Senkaku Islands Dispute
The following essay lays out the problem of the dispute over the Senkaku islands. It begins with a detailed background of the dispute, tracing back to the early 14th century up until modern times, and the three separate claims to the islands from China (People’s Republic of China), Taiwan (Republic of China) and Japan. This is then followed by four different policies on what the United States can do in response to problem at hand. The following options range from full-scale military invention and completely tactical warfare to economic joint development of the disputed areas. The conclusion of the essay will list the faults within three of the polices put in place and argue why only one policy will be the best possible outcome for the United State of America. Background of the Problem
The Senkaku Islands are a series of eight islands in the East China Sea, these islands consist of five islands that are uninhabited and the remaining three are small desolate rocks. The dispute over theses eight islands is between main land China (People’s Republic of China), Taiwan (Republic of China) and the island of Japan. Currently Japan holds “residual sovereignty” over the islands, according to the United States. Each of the three countries have different reason for claiming the islands but, no matter who is the rightful owner, the US must come up with a policy to stop the dispute. Currently the US is in the mists of this crisis because of the 1960 Treaty of Mutual Cooperation and Security between the United States and Japan, and the National Defense Authorization Act for Fiscal Year 2013, these basically stating that Japan has administrative control over the islands and that the US would come to the aid of Japan if any country attacks, tries to occupy, or take control of the islands. Mainland China and Taiwan’s claim to the islands can be traced back to the early 14th century with the their initial discovery, and can been seen as part of the Chinas territory in records tracing back to the Qing Dynasty and even into the Ming Dynasty. The China argues that Japan gained control of the island as a consequence of the First Sino-Japanese War, because the Treaty of Shimonoseki gave Japan control of “The island of Formosa, together with all islands appertaining or belonging to the said island of Formosa”. The Chinese nor the Japanese claim the islands were given to the Japanese in this treaty but both the Chinese and Taiwanese claim that because of the Sino-Japanese war China eventual had to relinquish control of Taiwan and the Pescadores and this is were the inclusion of the islands fell, granting Japanese control. On the other hand Japan argues that the islands we not given to them in the treaty and that it claims to have discovered and conquered the islands in the late 19th century before their victory in the Sino-Japanese war. Japan claims that the islands were uninhabited and that there was no sign of the Qing Dynasty ownership of the islands, which according to maritime law leaves them available to whom ever claims them. In the early years the dispute was not as motivated as it is today, it has caught a lot of attention by all countries participating because the May 1969 report by the United Nations stating, “that one of the world’s largest oil and gas reserves may exist under the seabed near the Senkakus” , this is Japan major argument to why China and Taiwan are claiming the islands because their position did not rise until 1971, clearly in response to the report release by the United Nations. Since the early period of Japanese control of the islands chain the ownership has switched hands multiple times, beginning with the lease of the islands to the Koga Family as early as 1896 eventually selling the islands to the Koga in the 1930’s. From the period of 1953-1971 the U.S. held administrative control over Taiwan, the Pescadores, the...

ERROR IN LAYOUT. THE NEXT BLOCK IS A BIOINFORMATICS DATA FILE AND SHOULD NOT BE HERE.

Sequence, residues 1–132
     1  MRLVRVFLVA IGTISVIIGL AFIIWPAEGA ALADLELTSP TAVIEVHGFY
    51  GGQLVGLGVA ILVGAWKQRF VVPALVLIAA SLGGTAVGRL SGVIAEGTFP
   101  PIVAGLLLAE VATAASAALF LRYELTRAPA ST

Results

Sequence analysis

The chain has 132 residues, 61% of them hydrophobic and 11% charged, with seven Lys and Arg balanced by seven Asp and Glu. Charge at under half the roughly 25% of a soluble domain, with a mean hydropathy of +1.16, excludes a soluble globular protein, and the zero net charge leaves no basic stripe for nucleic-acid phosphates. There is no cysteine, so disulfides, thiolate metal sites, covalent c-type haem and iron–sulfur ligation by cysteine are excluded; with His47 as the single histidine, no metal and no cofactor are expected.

Bibliography: FlorCruz, Michelle. China And Japan At War? Australian Academic Predicts It Could Happen Next Year. 27 Dec. 2012. < http://www.ibtimes.com/china-japan-war-australian-academic-predicts-it-could-happen-next-year-972598>
[ 6 ]. FlorCruz, Michelle. China And Japan At War? Australian Academic Predicts It Could Happen Next Year. 27 Dec. 2012. < http://www.ibtimes.com/china-japan-war-australian-academic-predicts-it-could-happen-next-year-972598>
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